TORONTO – The recent explosion of smartphones and tablets left web designers in a quandary – how to bring an audience to their content from all of these devices? Every week or month brought a new gadget, with a bigger or smaller screen.

To keep up, content providers had to build custom apps for these devices. One for an iPhone, one for an Android, one for an iPad, one for a Blackberry Playbook, and on and on. It was a costly and time-consuming process that never seemed to end.

That is, until responsive design arrived on the scene. The term was coined by designer/developer Ethan Marcotte in a 2010 article and 2011 book entitled Responsive Web Design.

“The web has always been a flexible design medium, even though we haven’t always thought of it that way,” says Marcotte.

“Responsive design tries to embrace that flexibility, allowing us to create flexible sites that grow, shrink and adapt to the multitude of devices and screen sizes accessing them.”

Canadian context

Canadians are increasingly turning away from computer web use, in favour of mobile browsing on their tablets, smartphones and even smart TVs.

While Deloitte Canada’s 2013 trends report estimates that more than 80 per cent of the data used online in Canada this year will come from desktop computer use, new growth is coming from mobile, as tablet and smartphone ownership soars.

“Rather than creating and maintaining separate mobile, tablet, and desktop sites, businesses can create a single responsive site that meets their audiences wherever they are,” said Marcotte.

Once “media queries” are used to detect the resolution of the device the site is being accessed from, images, content and the physical design of the site will resize itself to fit the screen correctly. The result is the same user experience whether you’re on a desktop, tablet or smartphone.

For content providers this is a huge advantage, as regular readers will be able to find their favourite sections of the website with ease and not spend time searching for content.

“If the responsive designer’s done their job right, I’d hope their audience wouldn’t notice anything,” said Marcotte.

“Depending on the device or browser they use to visit the site, everything should just work: information will seamlessly present itself in a design best suited to the constraints of the device; complex interfaces will adapt to the needs of a touchscreen, a mouse, or directional inputs.”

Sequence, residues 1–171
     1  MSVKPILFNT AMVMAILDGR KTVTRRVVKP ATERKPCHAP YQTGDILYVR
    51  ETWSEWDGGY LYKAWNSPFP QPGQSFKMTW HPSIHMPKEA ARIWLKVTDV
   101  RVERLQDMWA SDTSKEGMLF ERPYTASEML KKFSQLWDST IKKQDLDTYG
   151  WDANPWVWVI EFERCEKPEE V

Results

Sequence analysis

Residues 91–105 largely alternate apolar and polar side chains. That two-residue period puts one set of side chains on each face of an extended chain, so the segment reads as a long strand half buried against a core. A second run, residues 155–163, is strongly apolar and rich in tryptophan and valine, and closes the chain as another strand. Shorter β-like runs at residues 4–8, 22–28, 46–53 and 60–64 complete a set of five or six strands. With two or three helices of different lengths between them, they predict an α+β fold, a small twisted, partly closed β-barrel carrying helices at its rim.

Why not just create a mobile app, you ask?

Not every content provider can afford to create and support multiple mobile apps – especially in a world with such a variety of devices.

Not the end of apps

Unlike websites, applications are made specifically for devices, meaning a company would have to consider making an iPhone, Android and BlackBerry app, as well as tablet and eReader apps.

But responsive websites may not signal the end of the app craze. “I don’t feel like app culture is dead,” said web designer and partner at Upstatement Tito Bottitta.

“I think apps are more about taking advantage of things that the phone or the tablet is best at. The web is still really good for reading content – but things that are more interactive, like picture-taking – something that ties into the phone’s capability, those things are still much harder to do on the web.”

Bottitta’s design firm, based in Boston, designed The Boston Globe’s responsive website in 2011. It also designed the new

He believes that responsive web design is more than a trend; that it is the natural progression based on how users have adapted to changes in technology.

“Calling [responsive design] a trend might create the impression that it’s a fad, or something that people might move away from,” said Bottitta.

“I think people are just going to expect this from websites. We have changed the way that we approach building websites and the expectation is that the world visits the web from multiple platforms. It’s more of a philosophical switch than it is a trend.”

As a result of this switch many content providers have launched responsive web sites, including The Boston Globe and Time. has also launched a responsive website in order to make it easier for our readers to access their news through their mobile devices.

To see how the new site works if you’re reading this on a desktop, try making your browser window smaller and watch the content shift to adapt to the size of the window. If you are viewing our homepage in a full-sized window, you will see the list of stories shrink from two columns to one as you make the window smaller.

Learn more about the new Global News website.


Editors Note: This story previously mentioned that The Guardian’s website was responsive. The story has been corrected to include Time’s website as an example of Responsive web design. 

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